Philes’ Forum – Spring 2017
by NJ BMW CCA
Trip Lee (1947 – 2017) – New Jersey Chapter Icon
The New Jersey Chapter, as well as humanity, suffered a great loss when Trip Lee passed away on 14 February. Trip was a unique, consummate gentleman of intellect and character, and I feel privileged to have known him for more than 30 years. If you are thinking I greatly respected and admired Trip, you are correct.
While some gearheads tend to be one-dimensional, Trip had varied interests, including history and aviation, in addition to his love of all things mechanical. One time he told me that as part of his study of the U.S. Civil War, he was reading soldiers’ letters written during the conflict. That’s some pretty serious study if ya ask me.
Trip and I would occasionally recommend books to each other. Our most recent correspondence, late in 2016, concerned a book about the closing months of WWII and how British airmen, at great cost, helped ameliorate the swarm of Kamikazes over the waters near Japan. The Brits did this by attacking Kamikaze airfields.
I can neither count nor recall all the times Trip helped me out, whether it was instructing novice-driver me at Lime Rock, mentoring me when I aspired to become a driver-school instructor, tactfully advising me when I became Chief-of-Tech for our driver schools, giving me lathe-operation pointers, or finding cool gearhead stuff for me or us. He once found a source in Germany and had imported two “dogleg” or “close-ratio” 5- speed transmissions, one for wife Judy’s M3 and one for mine. Trip found me a very nice, industrial-quality, [made in U.S.A., no less] floor-mount drill press that I use in my shop nearly every day. When Trip upgraded his TIG welder, I got his old one. One time he gave me a completely functional, 12” Clausing turret lathe.
I could continue, but knowing Trip, he would say, “Enough already; let’s get to the good stuff”. [But Trip would phrase it tactfully.] So Trip, if you are reading this, thanks, man.
The good stuff this month concerns BMW power-steering reservoirs. I looked in the Philes’ Forum archives, and the best I can tell I have not written on this subject in more than 10 years.
In January 2007 I was writing about oil filters, and I wrote that in addition to the oil filter, air filter, fuel filter, and cabin filter, your Bimmer also has a power-steering filter. This filter is located in the bottom of the powersteering- fluid reservoir, and unfortunately, unless your Bimmer is 40 or so years old, the filter is not replaceable without changing the reservoir.
Photo #1 depicts the power-steering reservoir found on many Bimmers from model year 1982 right up to much later models, such as the E84 X1 and E87 1-Series. Photo #2 shows a reservoir cut in half to reveal the internal filter. I think it a good idea to change the reservoir/filter whenever you do maintenance on the power-steering system such as changing the fluid, hoses, pump, or steering box. While you’re at it [actually, before you install any new parts], it’s also a good idea to flush out the system. The January 2007 Philes’ Forum [available on the NJ Chapter Website], describes one procedure for flushing the power-steering fluid.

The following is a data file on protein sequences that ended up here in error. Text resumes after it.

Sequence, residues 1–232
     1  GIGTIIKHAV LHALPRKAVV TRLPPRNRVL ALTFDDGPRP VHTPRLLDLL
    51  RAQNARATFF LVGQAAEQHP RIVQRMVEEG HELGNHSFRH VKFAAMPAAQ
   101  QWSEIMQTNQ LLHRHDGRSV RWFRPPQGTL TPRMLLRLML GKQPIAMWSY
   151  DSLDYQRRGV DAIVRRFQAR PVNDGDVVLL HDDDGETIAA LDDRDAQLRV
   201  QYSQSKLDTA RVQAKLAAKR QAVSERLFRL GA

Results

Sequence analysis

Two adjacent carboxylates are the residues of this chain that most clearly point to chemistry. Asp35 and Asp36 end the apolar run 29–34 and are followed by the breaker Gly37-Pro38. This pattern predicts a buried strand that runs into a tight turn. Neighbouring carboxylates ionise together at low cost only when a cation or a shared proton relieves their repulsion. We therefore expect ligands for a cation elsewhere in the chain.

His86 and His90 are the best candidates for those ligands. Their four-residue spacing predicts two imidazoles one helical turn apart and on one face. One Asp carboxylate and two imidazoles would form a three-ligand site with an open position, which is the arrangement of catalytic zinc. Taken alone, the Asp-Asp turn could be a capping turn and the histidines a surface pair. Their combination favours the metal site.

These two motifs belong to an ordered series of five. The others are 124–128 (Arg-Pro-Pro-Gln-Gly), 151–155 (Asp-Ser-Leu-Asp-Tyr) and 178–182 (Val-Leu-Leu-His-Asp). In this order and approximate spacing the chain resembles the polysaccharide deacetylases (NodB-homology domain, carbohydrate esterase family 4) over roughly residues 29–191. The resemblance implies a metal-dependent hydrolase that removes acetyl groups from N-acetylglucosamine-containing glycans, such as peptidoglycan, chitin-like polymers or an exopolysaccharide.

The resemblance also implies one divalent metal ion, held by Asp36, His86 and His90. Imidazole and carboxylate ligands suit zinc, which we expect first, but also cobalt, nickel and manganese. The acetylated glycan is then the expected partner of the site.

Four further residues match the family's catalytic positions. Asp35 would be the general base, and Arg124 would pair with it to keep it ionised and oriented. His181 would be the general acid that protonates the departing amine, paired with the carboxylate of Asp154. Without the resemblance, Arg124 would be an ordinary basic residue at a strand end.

Driver-school Padrone Jeff White emailed me about his 2000 528i E39 5-Series touring [manual trans!]. Jeff is replacing the power-steering reservoir, and the replacement-reservoir’s cap indicates that Pentosin CHF 11.S fluid is required, and Jeff has been using Dexron-type automatictransmission fluid [ATF] as specified in his owner manual. Jeff was told by the aftermarket supplier of the new reservoir that Jeff needed to convert the system to CHF 11.S fluid, and Jeff questioned me on how to do this.
The current BMW part number for Jeff’s power-steering reservoir is 32 41 6 851 217. The only apparent difference between the current version and superseded versions [eg: 32 41 1 097 164] is that the cap on the current version specifies CHF 11.S fluid, not ATF. See Photo #3 [Courtesy of Jeff White].
My response to Jeff is that the steering-system design, not the reservoir, is what determines which fluid is to be used, and that he should continue to use ATF in the E39’s power steering. Just to double-check, I contacted Matt Kimple, service manager at Bridgewater BMW, and he confirmed that IF YOUR BIMMER ORIGINALLY USED ATF IN ITS POWER-STEERING, DO NOT PUT CHF 11.S IN IT, REGARDLESS OF WHAT THE RESERVOIR CAP INDICATES. If you are in doubt about which fluid to use, call Bridgewater’s parts department [888-579-0048] with you VIN and they will supply the correct fluid. Pentosin CHF 11.S fluid is greenish in color while ATF is reddish. Old yucky ATF can be a reddish-brownish.
Further investigation suggests that when BMW switched to CHF 11.S steering fluid on most models beginning circa the E60 5- Series, they changed the fluid-reservoir cap such that it indicates that CHF 11.S is required. But what if you, like Jeff, need a reservoir for an older model? BMW thought of this as well, and provides a label indicating that ATF should be used.
The part number of this label for Jeff’s E39 is 71-24-6-798-132. Or you can make your own label like Jeff did. That’s what I would do. So too would Trip.
That’s all for now, bimmerphiles. See you next time.
Anyone wishing to contribute to Philes’ Forum can contact me at email@example.com. I’m interested in tech tips, repair / maintenance questions, repair horror stories, emissionsinspection sagas, product evaluations, etc.
© 2017; V.M. Lucariello, P.E.